Sunspots are getting weaker for years. (c) Southwest Research Institute
Reading The sun seems to have fallen into a kind of hibernation. Numerous observations suggest that solar activity is getting weaker and weaker - even though the sun's eleven-year cycle of activity is expected to peak next or next year. "This is very unusual and unexpected, " said Frank Hill of the National Solar Observatory at a conference in New Mexico. The next solar cycle with the number 25 could possibly turn out completely, it was said at the conference. This is shown by independent measurements from inside the sun, from its surface and from its atmosphere, the hot corona.

Normally, the solar activity fluctuates in an eleven-year rhythm. At the height of the cycle, the sun's surface is littered with dark spots. At these black spots, the sun's magnetic field is especially strong. Frequently, the sunspots emit glowing prominences and sun flares, sometimes they hurl massive plasma bubbles into space.

In recent years, however, the spots have become scarce. The sun experienced an extensive minimum activity from 2007 to 2010. Activity only picked up again last year, but forecasts suggest that the upcoming maximum, expected in 2012 or 2013, will be rather weak. Cycle number 25 could become even more modest. "The start could be delayed by a few years, or the cycle could be over, " says Hill.

There are several signs of this trend. Thus, in the interior of the sun certain currents should already show themselves, which usher in the new cycle. But there is no sign of it, Hill reported in New Mexico. The sunspot's magnetic field has also been weakening for years. If the trend continues, the magnetic field strength in the next cycle is insufficient to produce visible sunspots. display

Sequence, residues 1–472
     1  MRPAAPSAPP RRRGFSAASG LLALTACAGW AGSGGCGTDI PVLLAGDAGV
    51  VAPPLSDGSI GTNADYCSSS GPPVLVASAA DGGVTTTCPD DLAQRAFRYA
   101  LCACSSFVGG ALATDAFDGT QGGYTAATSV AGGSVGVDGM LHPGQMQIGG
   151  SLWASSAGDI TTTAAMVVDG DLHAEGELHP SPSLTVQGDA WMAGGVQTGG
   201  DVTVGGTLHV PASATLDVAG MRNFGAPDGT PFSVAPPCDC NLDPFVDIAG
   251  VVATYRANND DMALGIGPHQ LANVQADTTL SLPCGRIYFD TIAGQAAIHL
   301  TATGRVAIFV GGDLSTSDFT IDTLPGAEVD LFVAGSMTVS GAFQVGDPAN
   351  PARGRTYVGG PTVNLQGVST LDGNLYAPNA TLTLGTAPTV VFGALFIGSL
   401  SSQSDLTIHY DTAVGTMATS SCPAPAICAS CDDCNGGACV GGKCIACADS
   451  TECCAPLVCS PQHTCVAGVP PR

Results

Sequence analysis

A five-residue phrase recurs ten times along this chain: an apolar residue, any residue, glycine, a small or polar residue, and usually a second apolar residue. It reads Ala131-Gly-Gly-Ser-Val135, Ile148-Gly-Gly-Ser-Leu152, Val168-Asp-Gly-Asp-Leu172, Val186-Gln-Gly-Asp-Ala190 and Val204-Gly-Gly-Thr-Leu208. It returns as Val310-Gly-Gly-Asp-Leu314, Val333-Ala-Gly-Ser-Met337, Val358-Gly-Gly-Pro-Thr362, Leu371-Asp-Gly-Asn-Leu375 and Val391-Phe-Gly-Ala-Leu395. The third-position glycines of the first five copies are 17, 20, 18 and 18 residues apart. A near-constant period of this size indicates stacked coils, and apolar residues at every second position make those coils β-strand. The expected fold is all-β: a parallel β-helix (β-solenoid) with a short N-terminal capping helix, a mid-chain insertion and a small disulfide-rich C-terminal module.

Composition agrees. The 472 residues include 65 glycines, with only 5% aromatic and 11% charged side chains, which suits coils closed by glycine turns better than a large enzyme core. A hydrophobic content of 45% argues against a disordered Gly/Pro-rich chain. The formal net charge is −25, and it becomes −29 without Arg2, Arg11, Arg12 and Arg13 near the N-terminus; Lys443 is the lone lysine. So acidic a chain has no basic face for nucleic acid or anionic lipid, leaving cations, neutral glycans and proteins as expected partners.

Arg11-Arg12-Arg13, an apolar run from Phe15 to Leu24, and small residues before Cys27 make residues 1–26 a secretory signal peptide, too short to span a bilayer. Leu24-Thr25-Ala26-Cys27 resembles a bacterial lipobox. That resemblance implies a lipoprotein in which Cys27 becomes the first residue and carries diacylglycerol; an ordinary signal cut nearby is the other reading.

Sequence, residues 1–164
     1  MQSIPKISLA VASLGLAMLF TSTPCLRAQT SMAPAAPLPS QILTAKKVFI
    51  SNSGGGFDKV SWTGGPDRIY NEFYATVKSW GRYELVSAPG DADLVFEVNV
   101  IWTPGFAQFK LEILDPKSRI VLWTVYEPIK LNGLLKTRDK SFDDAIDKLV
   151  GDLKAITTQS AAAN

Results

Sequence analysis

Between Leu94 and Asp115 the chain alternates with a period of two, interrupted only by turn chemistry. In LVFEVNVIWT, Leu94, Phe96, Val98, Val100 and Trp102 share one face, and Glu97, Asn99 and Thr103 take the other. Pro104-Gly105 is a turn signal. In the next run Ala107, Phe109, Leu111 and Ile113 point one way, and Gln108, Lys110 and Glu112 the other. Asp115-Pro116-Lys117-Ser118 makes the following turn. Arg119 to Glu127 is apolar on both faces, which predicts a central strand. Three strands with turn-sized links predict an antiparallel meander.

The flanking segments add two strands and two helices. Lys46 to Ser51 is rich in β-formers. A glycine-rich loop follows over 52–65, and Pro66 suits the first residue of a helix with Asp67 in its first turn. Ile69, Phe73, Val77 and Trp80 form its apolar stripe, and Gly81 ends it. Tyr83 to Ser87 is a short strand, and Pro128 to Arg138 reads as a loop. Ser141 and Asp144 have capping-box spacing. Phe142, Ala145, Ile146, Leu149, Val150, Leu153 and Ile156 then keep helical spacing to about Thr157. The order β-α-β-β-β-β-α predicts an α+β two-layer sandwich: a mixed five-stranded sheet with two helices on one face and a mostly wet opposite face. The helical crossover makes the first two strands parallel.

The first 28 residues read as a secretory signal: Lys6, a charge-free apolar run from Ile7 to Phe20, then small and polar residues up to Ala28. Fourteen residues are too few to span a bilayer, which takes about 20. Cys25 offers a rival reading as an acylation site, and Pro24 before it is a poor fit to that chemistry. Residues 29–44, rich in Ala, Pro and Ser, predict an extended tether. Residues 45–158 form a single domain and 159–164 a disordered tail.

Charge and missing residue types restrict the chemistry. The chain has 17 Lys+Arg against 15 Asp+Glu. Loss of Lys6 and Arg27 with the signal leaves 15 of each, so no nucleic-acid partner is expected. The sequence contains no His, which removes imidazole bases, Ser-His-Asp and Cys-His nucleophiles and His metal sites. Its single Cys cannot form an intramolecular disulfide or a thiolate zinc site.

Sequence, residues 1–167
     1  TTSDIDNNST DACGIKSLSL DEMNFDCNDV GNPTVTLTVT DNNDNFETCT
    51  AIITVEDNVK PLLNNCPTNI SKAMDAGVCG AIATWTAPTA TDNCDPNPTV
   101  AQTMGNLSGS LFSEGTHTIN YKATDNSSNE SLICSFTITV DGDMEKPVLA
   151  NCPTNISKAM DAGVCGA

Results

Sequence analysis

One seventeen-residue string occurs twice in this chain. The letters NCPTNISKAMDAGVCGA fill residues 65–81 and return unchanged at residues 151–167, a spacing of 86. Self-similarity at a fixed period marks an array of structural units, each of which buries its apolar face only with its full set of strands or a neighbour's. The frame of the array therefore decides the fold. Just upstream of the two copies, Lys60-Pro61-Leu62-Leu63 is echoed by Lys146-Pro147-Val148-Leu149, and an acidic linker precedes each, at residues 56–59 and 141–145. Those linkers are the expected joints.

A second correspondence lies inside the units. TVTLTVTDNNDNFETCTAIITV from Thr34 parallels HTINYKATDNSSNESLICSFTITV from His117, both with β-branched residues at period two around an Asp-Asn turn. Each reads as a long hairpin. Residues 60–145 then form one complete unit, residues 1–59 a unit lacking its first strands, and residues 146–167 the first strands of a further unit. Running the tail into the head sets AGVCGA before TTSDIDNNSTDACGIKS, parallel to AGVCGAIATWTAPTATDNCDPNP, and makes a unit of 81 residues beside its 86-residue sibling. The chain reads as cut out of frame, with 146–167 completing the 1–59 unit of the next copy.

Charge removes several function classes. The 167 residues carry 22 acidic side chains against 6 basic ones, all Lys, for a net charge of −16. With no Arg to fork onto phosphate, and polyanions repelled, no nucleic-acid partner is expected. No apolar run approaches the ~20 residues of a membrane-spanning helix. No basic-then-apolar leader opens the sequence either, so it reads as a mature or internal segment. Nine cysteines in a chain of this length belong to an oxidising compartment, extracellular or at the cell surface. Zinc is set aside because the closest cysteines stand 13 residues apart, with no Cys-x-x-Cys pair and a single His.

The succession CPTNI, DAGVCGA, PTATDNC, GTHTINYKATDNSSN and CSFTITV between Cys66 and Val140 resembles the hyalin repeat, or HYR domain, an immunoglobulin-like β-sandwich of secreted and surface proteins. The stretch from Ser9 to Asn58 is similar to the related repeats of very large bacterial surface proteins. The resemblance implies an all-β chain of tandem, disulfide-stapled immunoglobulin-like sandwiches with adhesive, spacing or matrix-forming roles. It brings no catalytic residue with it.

Another anomaly shows up in the corona of the sun. This hot shell is punctuated by slightly cooler regions, the so-called coronal holes. Normally these holes travel to the poles of the sun during the solar minimum, but this march has been delayed. The corona still contains magnetic remnants of the previous cycle number 23. "Perhaps the current cycle is too weak to displace these residues. That would be a big dilemma for the theorists, "says Richard Altrock of the Air Force Research Laboratory. "No one knows how the sun will behave then."

Richard Altrock (Air Force Research Laboratory): American Astronomical Society Solar Physics Division Meeting 2011 Frank Hill (National Solar Observatory) et al. American Astronomical Society Solar Physics Division Meeting 2011 William Livingston (National Solar Observatory) et al. American Astronomical Society Solar Physics Division Meeting 2011 - Ute Kehse


Recommended Editor'S Choice